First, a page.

A Knight's Tale
review by Elias Savada, 11 May 2001

The serf's up in Heath Ledger's would-be-princely charming tale of the medieval jousting circuit, a fledgling European precursor to the WWF's next great debacle, the XJL. Barbing at knights in armor with long wooden toothpicks, A Knight's Tale may be a smidgen (the medieval equivalent of thirty minutes) too long, but it has an oversized heart and a roguish camaraderie that should appeal to any non-discriminating viewer, helped, no doubt, by several pre-production weeks of hard drinking "rehearsals." Heath Ledger (Mel Gibson's brave son in The Patriot) moves further up the celebrity teen-o-meter as he backsteps further in time for this historical romantic comedy. As William Thatcher he is a rumpled blond peasant squire to Sir Ector (Nick Brimble), an over-the-hill competitor now unfortunately deceased ("his spirit is gone, but his stench remains" signals the throw-away lines that splinter the film). The impetuous lad's survival instinct kicks him. He strips down and armors up, setting about to become a faux noble lance-a-lot. His cohorts in deception (aware that if they succeed, there's a lot of money to spread around) are Roland (The Full Monty's Mark Addy), a sturdy Friar Tuck type, and the impulsive, red-headed bumpkin Wat, filled by Alan Tudyk, who carved a similar comic notch into his role as Gerhardt, the comic German cocaine addict in 28 Days.

The best lines arrive from the mouth of the fourteenth century's best selling author Geoffrey Chaucer, oddly described as 5'-11" at the film's website, but embodied by the towering 6'-3" frame of Paul Bettany, a London born and classically trained actor now filming his first American feature, Ron Howard's A Beautiful Mind, opposite Russell Crowe. As seen here (often without his clothes), he's a struggling writer and compulsive gambler, yet astute Barnumesque ballyhoo artist/press agent. He shines when embellishing in Vince McMahon fashion the make believe legerdemain of William's royal alter ego, Sir Ulrich von Lichtenstein of Gelderland. "Geoff" loves spellbinding the boisterous crowds (two deleted flamboyant scenes will hopefully be found on the DVD version) with pretentious bravado. "Thank you," he responds to the applause. "I'll be here all week."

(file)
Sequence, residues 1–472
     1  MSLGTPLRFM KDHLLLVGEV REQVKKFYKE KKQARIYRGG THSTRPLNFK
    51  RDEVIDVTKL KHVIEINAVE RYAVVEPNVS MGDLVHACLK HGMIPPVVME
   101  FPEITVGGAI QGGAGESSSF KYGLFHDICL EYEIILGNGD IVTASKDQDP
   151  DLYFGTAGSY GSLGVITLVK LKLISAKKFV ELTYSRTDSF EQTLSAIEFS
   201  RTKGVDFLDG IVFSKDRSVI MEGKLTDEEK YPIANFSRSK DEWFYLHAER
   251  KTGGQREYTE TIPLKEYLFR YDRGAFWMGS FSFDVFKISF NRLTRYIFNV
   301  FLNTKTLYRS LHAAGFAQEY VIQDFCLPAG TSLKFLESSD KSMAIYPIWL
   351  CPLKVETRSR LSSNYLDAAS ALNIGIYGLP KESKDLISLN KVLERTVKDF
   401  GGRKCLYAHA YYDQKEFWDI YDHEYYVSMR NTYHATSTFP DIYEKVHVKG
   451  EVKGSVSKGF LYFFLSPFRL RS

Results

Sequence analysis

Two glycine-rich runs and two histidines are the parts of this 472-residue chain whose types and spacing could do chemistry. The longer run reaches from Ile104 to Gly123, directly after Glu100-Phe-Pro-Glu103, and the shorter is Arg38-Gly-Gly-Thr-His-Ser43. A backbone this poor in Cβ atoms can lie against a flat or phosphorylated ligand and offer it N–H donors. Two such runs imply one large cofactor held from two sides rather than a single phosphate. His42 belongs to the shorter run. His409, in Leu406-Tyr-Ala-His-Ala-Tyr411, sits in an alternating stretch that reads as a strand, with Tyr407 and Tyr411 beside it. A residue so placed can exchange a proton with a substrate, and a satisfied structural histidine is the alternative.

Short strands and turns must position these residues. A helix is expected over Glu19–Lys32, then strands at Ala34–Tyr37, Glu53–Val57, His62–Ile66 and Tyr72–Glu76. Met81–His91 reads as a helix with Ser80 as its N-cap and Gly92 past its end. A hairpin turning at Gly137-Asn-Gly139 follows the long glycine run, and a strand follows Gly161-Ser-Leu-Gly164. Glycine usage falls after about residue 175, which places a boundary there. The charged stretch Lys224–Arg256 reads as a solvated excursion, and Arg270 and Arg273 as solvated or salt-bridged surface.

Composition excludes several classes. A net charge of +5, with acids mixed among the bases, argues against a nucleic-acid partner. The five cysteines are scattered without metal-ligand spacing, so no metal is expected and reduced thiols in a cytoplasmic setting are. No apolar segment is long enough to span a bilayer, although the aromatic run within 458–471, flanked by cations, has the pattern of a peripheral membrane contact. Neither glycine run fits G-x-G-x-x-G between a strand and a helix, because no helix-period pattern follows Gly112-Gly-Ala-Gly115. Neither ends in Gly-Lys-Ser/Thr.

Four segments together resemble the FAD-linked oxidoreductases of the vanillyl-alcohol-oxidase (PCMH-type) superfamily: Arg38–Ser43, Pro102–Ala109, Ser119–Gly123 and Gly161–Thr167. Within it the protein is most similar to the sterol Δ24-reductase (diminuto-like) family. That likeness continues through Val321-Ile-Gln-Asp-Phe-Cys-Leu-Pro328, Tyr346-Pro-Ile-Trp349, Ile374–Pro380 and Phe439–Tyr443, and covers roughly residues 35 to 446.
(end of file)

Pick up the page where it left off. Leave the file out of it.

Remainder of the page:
On the opposite side of the gender is Shannyn Sossamon as Jocelyn, the beautiful noblewoman with wildly out of date (for the 1300s) feminist leanings. The barely believable romance between her and Ulrich/William is too damn cute, and she's more of a fashion statement than a romantic icon, with a ton of weird hair, hat, and costume days (Move over. Cher!). I was more taken by the pluck of Kate (Laura Fraser), a sultry blacksmith's widow oddly attached to the men. She offers up one of the more amusing product placements in recent memory, with a double Nike emblem on a battle suit she hammers together for the young jouster.

Rufus Sewell sneers his way about the screen as Count Adhemar, a standard villain's role. He pillages, he pouts, he connives, he jousts dirty, and he gets his just desserts.

Producer-director-writer Brian Helgeland has an affinity for head bashing (as screenwriter for L.A. Confidential and director of Payback), but instead of a fist or a gun, the damage here comes at the end of a long stick. Helgeland certainly lightens the dramatic load with A Knight's Tale, even if he uses a hand-held battering ram to make his point. In a bit of anachronistic befuddlery (and with some amusing similarities to Shrek and Moulin Rouge), the filmmaker interweaves the rock score within the 600+year-old time frame. Hence the first jousting match has the peasants energetically singing and swinging to Queen's We Will Rock You. Such exuberant interplay of contemporary/medieval culture doesn't work as well with the other cross-epochal scenes. Bachman Turner Overdrive's Takin' Care of Business overlays a deep-in-the woods secret training exercise for the aspiring champion and his band of merry men. David Bowie's Golden Years sparks the young lover's first anxiety-filled waltz steps at a victory ball before the entire dance floor starts agitating to Stuart Hopps energetic choreography. Prolific composer Carter Burwell (Gods and Monsters, Fargo, Being John Malkovich) does a top-notch effort in blending the musical styles of two distinct centuries, but it's the top ten tunes that will sell the soundtrack.

The rag-tag team follows the jousting circuit before the extreme championship climax in London. After offering a perspective flashback that explains how the cards were unfortunately stacked against the young William, the script offers a paternal reunion and tear-stacked memories of a fearful son tritely instructed to "just follow your feet." Aside from such thinly baked writing and the false romantic moments, the film's action-packed twenty-seven matches are generally fleet of foot and fast of pace, even if it easily could have been trimmed a half-dozen nerve-wracking contests.

A Knight's Tale won't slay the Mummy, but it's a noble seller of popcorn. Joust on, brave warrior dude!

Click here to read Cynthia Fuchs' interview with Heath Ledger or Elias Savada's interview with Paul Bettany.

Written and
Directed by:

Brian Helgeland

Heath Ledger
Mark Addy
Rufus Sewell
Paul Bettany
Shannyn Sossamon
Alan Tudyk
Laura Fraser
Christopher Cazenove
Berenice Bejo
James Purefoy

PG13 - Parents Strongly Cautioned
Some material may be inappropriate for children under 13









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